Jewish tradition is exactly what Jesus deals with in Mark 7 and Matthew 15. Just because it's tradition doesn't mean it's right or good in the sight of God.
Christ tells his disciples to follow what the Pharisees teach, despite their often wicked or hypocritical ways, because they teach with authority (Matthew 23:1-3). Surely the same would apply in this case, all the way to the authority handed down by the apostles and their successors (the Church)?
If it's just an example, then why do they (Catholics) support the doctrine of Purgatory with it?
Because the idea that God can pardon our unrepented sins in the next life (what Maccabees says the followers of Judas prayed for) is precisely what Purgatory is and means.
Col. 2:8 - See to it that no one takes you captive through philosophy and empty deception, according to the tradition of men, according to the elementary principles of the world, rather than according to Christ.
How does praying for salvation for the dead in any way turn us away from Christ? Does he himself not ask us to pray for one another, and tell us to ask that we might receive?
Why is it necessary for Judgment to only deal with sin? Does God only judge on the basis of whether one has sinned or not? To make 1 Cor 3 out to be dealing with sin is to read something into the text which is not there given context. Where does 1 Cor 3 (the passage you specifically chose to support Purgatory) mention sin and the purging of it? Do you have other passages for prooftexts?
I have a question: can you give me an example of a work that would be "burned" acccording to this scripture that is NOT a sin?
Justice was accomplished on the Cross - we can add nothing to what Jesus did.
So there is no judgment?
After all, if all justice is in Christ, no one should need to justify themselves at all.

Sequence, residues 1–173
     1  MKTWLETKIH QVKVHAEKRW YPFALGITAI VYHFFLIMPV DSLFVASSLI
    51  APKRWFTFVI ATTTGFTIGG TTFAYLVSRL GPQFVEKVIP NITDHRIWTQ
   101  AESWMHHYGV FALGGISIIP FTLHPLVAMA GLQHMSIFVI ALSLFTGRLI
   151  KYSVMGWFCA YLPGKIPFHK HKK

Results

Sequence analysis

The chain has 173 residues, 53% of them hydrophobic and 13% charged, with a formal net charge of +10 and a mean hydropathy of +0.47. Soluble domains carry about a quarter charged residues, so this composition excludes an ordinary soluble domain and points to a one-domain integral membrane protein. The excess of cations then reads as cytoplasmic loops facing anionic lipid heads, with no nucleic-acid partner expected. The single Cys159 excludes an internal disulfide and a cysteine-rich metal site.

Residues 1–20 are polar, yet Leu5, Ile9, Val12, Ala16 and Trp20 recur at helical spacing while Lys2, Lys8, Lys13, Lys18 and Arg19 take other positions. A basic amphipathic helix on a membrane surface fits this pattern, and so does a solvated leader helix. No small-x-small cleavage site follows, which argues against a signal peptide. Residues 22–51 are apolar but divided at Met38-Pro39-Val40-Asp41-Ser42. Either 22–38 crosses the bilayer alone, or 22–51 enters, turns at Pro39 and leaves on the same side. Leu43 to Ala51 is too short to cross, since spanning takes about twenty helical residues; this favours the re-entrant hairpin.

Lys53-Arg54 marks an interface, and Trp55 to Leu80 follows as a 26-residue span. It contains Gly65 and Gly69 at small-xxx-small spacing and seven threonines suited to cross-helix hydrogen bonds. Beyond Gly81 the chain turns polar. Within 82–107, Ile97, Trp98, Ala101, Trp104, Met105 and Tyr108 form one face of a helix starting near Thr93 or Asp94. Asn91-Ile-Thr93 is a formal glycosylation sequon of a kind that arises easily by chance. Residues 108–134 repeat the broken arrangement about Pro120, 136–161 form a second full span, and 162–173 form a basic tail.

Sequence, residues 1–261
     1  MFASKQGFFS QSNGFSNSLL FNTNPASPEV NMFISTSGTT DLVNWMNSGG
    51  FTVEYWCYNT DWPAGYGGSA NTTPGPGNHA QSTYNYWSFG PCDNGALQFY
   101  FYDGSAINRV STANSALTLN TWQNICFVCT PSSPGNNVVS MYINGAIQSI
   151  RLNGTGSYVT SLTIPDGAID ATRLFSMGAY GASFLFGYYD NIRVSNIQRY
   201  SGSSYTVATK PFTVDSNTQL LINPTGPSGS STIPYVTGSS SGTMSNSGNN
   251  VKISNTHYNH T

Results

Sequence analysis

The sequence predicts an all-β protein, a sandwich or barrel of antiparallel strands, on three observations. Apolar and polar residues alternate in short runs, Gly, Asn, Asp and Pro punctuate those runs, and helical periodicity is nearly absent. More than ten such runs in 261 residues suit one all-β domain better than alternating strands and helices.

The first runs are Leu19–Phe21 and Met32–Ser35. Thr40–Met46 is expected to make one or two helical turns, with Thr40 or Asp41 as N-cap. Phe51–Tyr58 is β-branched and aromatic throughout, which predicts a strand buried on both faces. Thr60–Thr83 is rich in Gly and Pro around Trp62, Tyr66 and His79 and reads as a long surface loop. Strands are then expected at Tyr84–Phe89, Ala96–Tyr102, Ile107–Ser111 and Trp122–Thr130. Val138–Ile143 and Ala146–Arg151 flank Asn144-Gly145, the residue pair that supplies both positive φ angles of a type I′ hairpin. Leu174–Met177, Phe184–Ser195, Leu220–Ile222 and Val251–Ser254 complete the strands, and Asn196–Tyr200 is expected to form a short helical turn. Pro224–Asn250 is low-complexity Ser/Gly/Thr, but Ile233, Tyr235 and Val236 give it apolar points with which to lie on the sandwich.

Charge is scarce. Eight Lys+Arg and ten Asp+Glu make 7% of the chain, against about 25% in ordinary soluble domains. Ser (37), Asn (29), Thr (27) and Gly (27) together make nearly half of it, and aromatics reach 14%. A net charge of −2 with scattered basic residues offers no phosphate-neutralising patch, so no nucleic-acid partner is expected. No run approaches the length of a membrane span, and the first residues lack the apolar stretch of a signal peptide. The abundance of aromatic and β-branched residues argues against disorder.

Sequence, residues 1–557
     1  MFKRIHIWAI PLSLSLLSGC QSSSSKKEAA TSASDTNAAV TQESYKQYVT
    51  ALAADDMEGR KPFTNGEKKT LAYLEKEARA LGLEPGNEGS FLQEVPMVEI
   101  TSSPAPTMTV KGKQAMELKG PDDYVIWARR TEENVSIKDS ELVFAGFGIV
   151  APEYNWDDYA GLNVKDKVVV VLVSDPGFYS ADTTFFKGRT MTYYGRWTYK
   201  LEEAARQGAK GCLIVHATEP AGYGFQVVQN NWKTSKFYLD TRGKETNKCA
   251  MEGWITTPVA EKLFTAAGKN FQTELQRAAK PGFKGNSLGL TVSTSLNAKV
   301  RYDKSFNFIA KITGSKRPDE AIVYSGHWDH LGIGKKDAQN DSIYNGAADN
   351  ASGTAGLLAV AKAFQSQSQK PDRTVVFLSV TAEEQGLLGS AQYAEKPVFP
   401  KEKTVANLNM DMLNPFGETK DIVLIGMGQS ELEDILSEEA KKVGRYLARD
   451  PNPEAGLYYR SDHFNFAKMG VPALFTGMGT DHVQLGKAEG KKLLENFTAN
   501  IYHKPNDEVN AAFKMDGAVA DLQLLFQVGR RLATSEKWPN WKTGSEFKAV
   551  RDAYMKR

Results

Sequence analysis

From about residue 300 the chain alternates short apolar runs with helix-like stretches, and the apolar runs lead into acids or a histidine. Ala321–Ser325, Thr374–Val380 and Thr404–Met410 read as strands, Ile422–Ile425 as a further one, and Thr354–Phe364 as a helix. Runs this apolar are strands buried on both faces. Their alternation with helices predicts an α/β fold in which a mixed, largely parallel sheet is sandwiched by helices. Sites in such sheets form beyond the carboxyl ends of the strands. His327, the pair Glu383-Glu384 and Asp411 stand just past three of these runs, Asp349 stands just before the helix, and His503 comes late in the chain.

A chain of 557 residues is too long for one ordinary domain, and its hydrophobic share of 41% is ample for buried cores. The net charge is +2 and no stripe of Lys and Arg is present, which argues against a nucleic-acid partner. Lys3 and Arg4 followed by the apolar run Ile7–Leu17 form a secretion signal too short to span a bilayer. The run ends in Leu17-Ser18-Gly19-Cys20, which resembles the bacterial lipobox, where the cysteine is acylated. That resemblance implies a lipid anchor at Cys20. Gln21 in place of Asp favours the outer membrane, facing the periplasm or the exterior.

And also: "Except you do penance you shall all likewise perish" (Luke 13:5)
Repentance is a sign of faith, which is the only necessary ingredient on our part for salvation. Furthermore, the whole salvation process, including faith, is a gift from God.
Christ himself says penance is required for salvation (see above), and as for good works:
Ephesians 2:8 - For by grace you have been saved through faith; and that not of yourselves, it is the gift of God; 9 not as a result of works, so that no one may boast.
I know there are Catholic understandings of that verse but none have been sufficient so far.
Again, and I quote:
(James 2:14, 17-20) "What use is it, my brethren, if someone says he has faith but he has no works? Can that faith save him? [...] Even so faith, if it has no works, is dead, being by itself. But someone may well say, 'You have faith and I have works; show me your faith without the works, and I will show you my faith by my works.' You believe that God is one. You do well; the demons also believe, and shudder. Faith without works is dead."
All of this said, he told me that by "a man's religion," he means a religion designed to make the followers feel like good people. "If it were God's religion," he stated, "it would focus on telling you his word. It would not change things and try to focus on making you feel better."
Personally, I don't really believe that Catholics are destined for hell. While their teachings may be off, that doesn't mean that they should be condemned.
With all of this said, do you think they really are teaching a man's religion?
Any reformed baptists who would like to share their opinions would be greatly appreciated.
Religion is suppose to make you feel good in that by getting closer to christ, you feel more at one with him. the problem is that most christians and catholics focus more on what has to be taught at a mass rather than what it really is.
the mass is nothing more than the sacrifice at of our lord on the cross. the lectures from the readings are instrumental in educating the christian, but the reason for going should not be based on learning, rather, being in communion with God.
obviously you have to be a catholic or orthodox christian to understand that at the mass, the bread and wine is turned into the body and blood of christ. that was the whole purpose of the mass since it was instituted from the last supper. Sure jesus must have gave some helpful insights to the apostles during the supper, however, he was more based on the sacrifice of his body.
Christians would die in defense of the host. they understood even back then that it wasn't just a mere representation of the last supper, it was Christ himself. if that weren't the case, then they all died in vain and should be considered idiots for sacrificing their lives for a mere loaf of bread.
thats how catholics feel good. by being with christ, they get closer to heaven. the mass isn't a seminar, its about communion with christ.